[V6-12v] Re: High Pressure Power Steering Hose--Done! Long description for the archives

Mike Veglia msvphoto at pacbell.net
Sun Mar 6 12:57:53 EST 2005

Thank you all again for the tips and encouragement. I
went for the "remove the brake booster" method per
several tips and the Bentley manual. Once the brake
booster is out of the way there is tons of room--more
than enough to get your hand in to thread the banjo
bolt back in! However, getting the brake booster out
is a major PITA! Remove everything you see in the way
first. There are a lot of expensive looking plastic
bits in that area of the engine bay just waiting for
you to break. For sake of archives and closure, here
are some tips I learned along the way:

1. Prepare the engine bay by removing plastic engine
cover, the hood prop, and propping the hood with a
broom stick, or something (yes, it really is that
tight getting the booster out and the other
obstruction is a much more difficult to move fuel
rail--which you really don't want to damage). Remove
the throttle body's airbox (just move up and out of
the way--be careful of the very fragile plastic
crankcase vent hoses that come from the heads--these
lock in place and you can see the knurled ares to
press/squeeze to release. Disconnect a bunch of vacuum
lines and three electrical connectors (a black and
blue pair on the firewall and a gray one on the Brake
Fluid Reservoir). Loosen the 8mm screw holding the
black/blue electrical connector to the firewall so it
can be rotated out of the way. Remove the Brake MC
(three nuts, two self-locking (30ft/lb, manual says
"always replace") and gingerly move up and towards the
middle of the engine bay being careful not to damage
the tiny little copper (?) tubing. Remove the vacuum
hose from the Brake Booster (it pulls out with some
persuasion). When it looks like the coast is clear to
extricate the Brake Booster (it still probably isn't)
move on to the next step...

2. Inside the car you need to remove the under dash
panels and the HVAC footwell duct. Once this is done
you can lay on your back in pain with a light to see
the four self-locking nuts (18ft/lb, manual says
"always replace") that secure the Brake Booster to the
Brake Pedal Box via the firewall. Remove the brake
pedal-to-Booster/MC fork clevis pin and retaining
clip. Remove the four aforementioned nuts. Call for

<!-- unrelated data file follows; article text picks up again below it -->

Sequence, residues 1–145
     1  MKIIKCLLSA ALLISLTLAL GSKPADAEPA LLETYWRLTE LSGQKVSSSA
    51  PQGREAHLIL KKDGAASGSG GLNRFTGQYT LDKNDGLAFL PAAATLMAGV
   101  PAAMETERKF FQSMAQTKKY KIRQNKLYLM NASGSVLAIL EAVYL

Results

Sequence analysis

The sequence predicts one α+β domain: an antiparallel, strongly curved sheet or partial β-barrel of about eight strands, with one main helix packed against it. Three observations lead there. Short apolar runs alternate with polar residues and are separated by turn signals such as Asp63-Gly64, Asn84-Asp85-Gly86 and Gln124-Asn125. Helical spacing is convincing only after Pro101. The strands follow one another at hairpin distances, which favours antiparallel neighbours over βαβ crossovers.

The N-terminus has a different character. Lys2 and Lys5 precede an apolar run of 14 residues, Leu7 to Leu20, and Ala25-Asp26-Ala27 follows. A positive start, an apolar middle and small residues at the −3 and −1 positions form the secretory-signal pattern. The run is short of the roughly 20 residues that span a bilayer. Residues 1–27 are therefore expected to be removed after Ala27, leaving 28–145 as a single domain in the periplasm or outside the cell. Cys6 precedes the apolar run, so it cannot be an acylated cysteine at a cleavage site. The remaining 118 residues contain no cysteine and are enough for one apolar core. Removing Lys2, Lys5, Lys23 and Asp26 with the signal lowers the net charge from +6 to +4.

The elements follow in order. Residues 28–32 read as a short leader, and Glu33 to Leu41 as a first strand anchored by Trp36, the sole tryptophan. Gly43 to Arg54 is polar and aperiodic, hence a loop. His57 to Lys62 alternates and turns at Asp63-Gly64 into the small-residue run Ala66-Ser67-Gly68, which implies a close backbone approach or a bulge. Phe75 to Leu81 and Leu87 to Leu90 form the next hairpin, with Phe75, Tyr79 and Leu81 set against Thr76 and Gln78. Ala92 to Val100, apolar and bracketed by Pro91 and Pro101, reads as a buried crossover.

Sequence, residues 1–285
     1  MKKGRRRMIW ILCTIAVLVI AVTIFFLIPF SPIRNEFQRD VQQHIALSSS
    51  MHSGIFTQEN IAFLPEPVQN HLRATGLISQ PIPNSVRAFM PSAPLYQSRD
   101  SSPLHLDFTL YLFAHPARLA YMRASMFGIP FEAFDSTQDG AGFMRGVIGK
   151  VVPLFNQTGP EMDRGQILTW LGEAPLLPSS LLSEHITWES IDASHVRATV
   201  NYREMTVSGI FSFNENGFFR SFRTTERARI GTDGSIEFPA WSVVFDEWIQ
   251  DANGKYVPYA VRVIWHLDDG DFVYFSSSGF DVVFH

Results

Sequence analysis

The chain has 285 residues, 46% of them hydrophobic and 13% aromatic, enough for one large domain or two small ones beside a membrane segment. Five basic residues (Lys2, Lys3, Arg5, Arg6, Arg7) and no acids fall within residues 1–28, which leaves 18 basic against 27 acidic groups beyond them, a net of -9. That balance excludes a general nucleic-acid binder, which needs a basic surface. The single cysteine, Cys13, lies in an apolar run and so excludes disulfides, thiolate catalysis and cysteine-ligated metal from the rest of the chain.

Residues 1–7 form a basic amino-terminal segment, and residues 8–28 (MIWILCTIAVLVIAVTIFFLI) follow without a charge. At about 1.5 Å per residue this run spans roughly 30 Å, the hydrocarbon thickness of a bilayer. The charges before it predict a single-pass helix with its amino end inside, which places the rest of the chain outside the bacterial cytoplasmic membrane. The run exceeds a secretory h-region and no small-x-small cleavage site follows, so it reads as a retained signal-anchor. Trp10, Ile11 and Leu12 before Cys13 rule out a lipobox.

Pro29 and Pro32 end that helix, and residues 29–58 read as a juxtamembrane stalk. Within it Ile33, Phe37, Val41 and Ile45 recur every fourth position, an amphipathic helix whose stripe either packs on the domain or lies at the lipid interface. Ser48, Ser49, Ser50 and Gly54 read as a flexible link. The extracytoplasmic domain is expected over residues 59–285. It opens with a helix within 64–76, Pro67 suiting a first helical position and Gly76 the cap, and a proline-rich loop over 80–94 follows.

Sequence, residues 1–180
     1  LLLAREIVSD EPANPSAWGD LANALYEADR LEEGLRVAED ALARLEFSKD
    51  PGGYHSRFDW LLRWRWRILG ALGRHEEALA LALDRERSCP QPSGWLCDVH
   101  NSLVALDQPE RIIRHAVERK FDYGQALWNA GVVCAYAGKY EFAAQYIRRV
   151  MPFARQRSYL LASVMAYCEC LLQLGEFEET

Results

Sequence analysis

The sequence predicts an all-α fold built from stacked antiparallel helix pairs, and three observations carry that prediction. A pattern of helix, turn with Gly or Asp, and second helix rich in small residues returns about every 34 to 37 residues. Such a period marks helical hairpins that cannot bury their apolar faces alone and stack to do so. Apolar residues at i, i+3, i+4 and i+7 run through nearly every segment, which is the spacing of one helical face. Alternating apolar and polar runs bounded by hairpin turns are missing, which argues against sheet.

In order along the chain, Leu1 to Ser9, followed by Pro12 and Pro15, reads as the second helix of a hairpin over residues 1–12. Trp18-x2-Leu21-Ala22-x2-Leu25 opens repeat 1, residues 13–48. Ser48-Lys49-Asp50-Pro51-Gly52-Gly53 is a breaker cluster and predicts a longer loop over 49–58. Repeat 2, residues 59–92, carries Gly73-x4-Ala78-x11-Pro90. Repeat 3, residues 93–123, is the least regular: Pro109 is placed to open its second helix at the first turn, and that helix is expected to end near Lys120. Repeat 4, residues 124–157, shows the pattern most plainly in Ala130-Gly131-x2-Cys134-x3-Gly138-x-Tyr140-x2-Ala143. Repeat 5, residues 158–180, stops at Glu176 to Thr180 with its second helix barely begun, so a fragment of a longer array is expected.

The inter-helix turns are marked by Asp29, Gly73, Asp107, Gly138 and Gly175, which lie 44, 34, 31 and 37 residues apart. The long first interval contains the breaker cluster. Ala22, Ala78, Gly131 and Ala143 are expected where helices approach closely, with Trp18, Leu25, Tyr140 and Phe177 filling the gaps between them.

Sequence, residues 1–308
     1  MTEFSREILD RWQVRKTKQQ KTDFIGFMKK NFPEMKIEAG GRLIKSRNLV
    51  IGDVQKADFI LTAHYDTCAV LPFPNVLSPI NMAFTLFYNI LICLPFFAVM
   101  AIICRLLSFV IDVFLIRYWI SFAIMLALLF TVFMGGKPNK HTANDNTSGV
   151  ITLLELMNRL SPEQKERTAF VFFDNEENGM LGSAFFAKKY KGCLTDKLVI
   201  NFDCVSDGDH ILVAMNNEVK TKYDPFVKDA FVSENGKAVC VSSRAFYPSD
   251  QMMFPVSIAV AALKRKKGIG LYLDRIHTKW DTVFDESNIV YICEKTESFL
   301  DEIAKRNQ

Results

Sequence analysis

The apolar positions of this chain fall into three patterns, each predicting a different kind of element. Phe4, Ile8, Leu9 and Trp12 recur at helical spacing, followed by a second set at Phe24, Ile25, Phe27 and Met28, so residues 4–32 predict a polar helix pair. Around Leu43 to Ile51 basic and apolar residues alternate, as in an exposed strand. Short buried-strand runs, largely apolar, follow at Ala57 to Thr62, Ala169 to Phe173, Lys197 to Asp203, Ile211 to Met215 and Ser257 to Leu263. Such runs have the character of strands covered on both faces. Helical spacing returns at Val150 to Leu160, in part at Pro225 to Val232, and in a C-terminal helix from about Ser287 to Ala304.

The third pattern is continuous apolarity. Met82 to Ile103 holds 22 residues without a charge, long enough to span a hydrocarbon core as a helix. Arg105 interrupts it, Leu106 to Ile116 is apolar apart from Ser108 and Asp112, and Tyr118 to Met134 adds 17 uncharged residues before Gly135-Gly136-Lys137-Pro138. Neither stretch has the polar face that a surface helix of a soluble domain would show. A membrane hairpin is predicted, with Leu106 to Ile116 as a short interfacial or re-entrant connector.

help to extricate yourself from the footwell of the
car (or just quit whining and climb out).

3. Pull, pound, yank, and curse the Brake Booster out.
This (and the reverse) is the most brutal part of the
entire job. There are things like engine, firewall,
engine bay bodywork, and a high pressure fuel line all
in the way--but by some miracle it will come
out--which is half the battle (wait 'till you have to
get it back in!).

4. The easiest part of the job, besides popping open
the celebratory beer at the end, is the actual hose
replacement--the reason you were going through all
this grief in the first place. That dreaded banjo bolt
you can only touch, barely see, and can't turn by hand
on the type 44 is sitting there in this vast wide open
space left behind by the Brake Booster. Undo the banjo
bolt (need two 14mm ID x 18MM OD washers, I used I5
drainplug seals cuz they were what the parts place had
in stock and were 14mm ID copper. Bentley manual sez
O-Rings or Copper Washers. My car (95 A6q Avant) had
Aluminum washers (which are called out in TFA as
well). I figured copper was okay though. The banjo
bolt felt much tighter than the 30ft/lb spec and did
require some provocation to get loose. A 19mm box end
proved to be the best weapon. The other end of the
hose is a tapered fitting in the middle of the right
cylinder bank with 17mm and 19mm fittings. Hold the
hose and loosen the fitting on the metal line. Install
the new hose with new washers and torque the banjo
bolt while holding the metal part of the new hose so
it doesn't rotate and contact the rack and/or other
items in that area.

5. Put everything you took apart back together. The
Brake Booster needed two people, one up under the dash
guiding the Brake Pedal Box holes and Brake MC fork
(14 year old sons come in handy here) and the other
forcing, pounding, and cursing the Brake Booster back
in place. Once past that it is all downhill. Top up
the green gold reservoir. Start the engine and do a
few rack-to-rack turns of the wheel, and check/top up
the green gold one more time. Crack open that
celebratory beer (Rouge Brewing Co Dead Guy Ale was
what my wonderful wife brought me).

In our case the PS pump was noisy at first, but once
the system bled itself out the pump quited down, but
may need changing soon. The job is very doable but do
allow some time and an assistant really helps for
getting the booster back in. HTH

Mike Veglia
Motor Sport Visions Photography

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